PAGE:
• LeighA

      When I was a kid, I liked being a girl and I liked princesses, but I hated pink, wasn’t huge on arts and crafts, and loved science. Here’s the thing. If you put me (as a little kid) in a toy aisle of ungendered products and told me to pick whatever I wanted, I’d leave with a Barbie, a science kit, dress up clothes, and a toy robot. But if you put me in an aisle of gendered products, I would be reluctant to pick anything that said “for boys” because I wasn’t a boy and I would be embarrassed to have the check-out person see me, a girl, getting something that said it was for boys. Would they think I didn’t realize I was a girl, or didn’t like being a girl? Or would they think I was actually a boy who looked like a girl? I didn’t want to be a boy, and I didn’t want to buy anything that said it was for boys, I just wanted those same toys to not say “boy” on them.

    • LeighA

      Wikipedia: Scripturally, the Song of Songs is unique in that it makes no reference to “Law” or “Covenant”. Nor does it refer to Yahweh, the God of Israel. And it does not explore “wisdom” in the manner of Proverbs or Ecclesiastes (although it does have some affinities to Wisdom literature, as the ascription to Solomon suggests). Instead, it celebrates sexual love. It gives “the voices of two lovers, praising each other, yearning for each other, proffering invitations to enjoy”. The two voices are in harmony, each desiring the other and rejoicing in sexual intimacy; the women (or “daughters”) of Jerusalem form a chorus to the lovers, functioning as an audience whose participation in the lovers’ erotic encounters facilitates the participation of the reader. The Song was accepted into the Jewish canon of scripture in the 2nd century CE, after a period of controversy in the 1st century. It was accepted as canonical because of its supposed authorship by Solomon and based on an allegorical reading where the subject-matter was taken to be not sexual desire but God’s love for Israel. Christians admitted the canonicity of the Song of Songs from the beginning, but after Jewish exegetes began to read the Song allegorically, as having to do with God’s love for his people, Christian exegetes followed suit, treating the love that it celebrates as an analogy for the love between God and the Christian Church. Over the centuries the emphasis of interpretation shifted, first reading the Song as a depiction of the love between Christ and Church, the 11th century adding a moral element, and the 12th century understanding of the Bride as the Virgin Mary, with each new reading absorbing rather than simply replacing earlier ones, so that the commentary became ever more complex.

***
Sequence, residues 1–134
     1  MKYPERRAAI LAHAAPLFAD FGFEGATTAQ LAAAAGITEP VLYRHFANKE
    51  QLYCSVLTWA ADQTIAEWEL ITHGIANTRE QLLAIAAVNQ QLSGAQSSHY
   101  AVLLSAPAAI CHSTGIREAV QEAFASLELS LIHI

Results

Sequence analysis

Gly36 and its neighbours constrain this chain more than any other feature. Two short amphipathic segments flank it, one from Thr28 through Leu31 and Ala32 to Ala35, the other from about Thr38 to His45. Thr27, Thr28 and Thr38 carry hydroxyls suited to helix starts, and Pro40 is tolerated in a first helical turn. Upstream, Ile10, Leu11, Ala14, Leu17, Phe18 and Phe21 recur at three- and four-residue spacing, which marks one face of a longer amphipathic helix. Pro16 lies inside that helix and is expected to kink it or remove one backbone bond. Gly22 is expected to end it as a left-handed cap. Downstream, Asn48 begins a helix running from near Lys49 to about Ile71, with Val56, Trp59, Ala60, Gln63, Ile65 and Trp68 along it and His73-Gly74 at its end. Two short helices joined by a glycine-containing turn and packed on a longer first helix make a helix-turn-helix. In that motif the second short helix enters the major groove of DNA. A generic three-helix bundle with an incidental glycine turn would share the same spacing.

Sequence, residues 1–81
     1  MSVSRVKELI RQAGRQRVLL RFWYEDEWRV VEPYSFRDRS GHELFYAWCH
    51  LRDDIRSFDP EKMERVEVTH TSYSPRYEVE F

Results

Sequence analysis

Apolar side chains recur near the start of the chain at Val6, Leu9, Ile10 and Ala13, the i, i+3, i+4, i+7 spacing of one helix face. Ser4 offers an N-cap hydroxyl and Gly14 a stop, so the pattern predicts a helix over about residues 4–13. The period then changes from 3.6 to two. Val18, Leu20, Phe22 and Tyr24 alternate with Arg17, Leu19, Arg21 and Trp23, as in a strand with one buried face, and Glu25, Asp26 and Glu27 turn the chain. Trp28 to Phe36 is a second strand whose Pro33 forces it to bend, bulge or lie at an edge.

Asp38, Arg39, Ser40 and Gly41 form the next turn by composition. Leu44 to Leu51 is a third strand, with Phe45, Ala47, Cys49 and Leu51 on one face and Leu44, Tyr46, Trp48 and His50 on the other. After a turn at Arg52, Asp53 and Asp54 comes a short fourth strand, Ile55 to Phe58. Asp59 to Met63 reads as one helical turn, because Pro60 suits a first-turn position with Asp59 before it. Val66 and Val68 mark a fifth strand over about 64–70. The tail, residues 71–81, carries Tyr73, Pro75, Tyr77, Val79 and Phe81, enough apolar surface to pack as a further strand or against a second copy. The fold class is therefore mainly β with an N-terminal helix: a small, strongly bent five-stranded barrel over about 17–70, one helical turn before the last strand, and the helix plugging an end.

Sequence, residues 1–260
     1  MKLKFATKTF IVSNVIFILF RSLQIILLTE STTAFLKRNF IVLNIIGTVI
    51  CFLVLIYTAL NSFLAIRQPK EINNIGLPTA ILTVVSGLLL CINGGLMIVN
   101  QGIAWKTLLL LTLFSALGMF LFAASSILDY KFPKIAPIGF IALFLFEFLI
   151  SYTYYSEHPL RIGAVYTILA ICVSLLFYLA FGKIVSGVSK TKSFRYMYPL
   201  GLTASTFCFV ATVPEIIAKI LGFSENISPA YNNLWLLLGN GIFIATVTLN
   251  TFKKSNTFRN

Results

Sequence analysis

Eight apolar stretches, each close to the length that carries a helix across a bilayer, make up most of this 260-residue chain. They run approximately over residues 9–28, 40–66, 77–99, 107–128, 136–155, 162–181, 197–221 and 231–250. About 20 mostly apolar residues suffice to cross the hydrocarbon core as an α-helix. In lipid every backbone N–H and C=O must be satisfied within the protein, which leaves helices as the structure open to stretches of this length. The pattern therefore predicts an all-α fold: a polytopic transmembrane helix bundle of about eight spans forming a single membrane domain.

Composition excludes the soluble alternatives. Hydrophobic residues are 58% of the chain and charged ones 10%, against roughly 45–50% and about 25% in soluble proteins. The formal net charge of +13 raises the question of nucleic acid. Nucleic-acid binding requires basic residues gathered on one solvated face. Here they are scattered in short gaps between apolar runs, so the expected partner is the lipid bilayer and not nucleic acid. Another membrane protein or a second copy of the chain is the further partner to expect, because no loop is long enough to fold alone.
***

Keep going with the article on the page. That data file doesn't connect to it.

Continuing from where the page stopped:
• LeighA

      I never understood why people though Furbies were creepy. It’s just a toy, and it’s far from the creepiest looking toy ever. It’s kinda like a cross between a rabbit and a bird. I thought they were neat. I mean, they talked, and they “learned” English as you played with them (I remember them using that as a selling point, even though of course they were just programmed to gradually use more English and less Furbish). And apparently Chrome has “Furbish” in its spell check dictionary, even though it still doesn’t know the word “Zealand.” That’s weird.

    • LeighA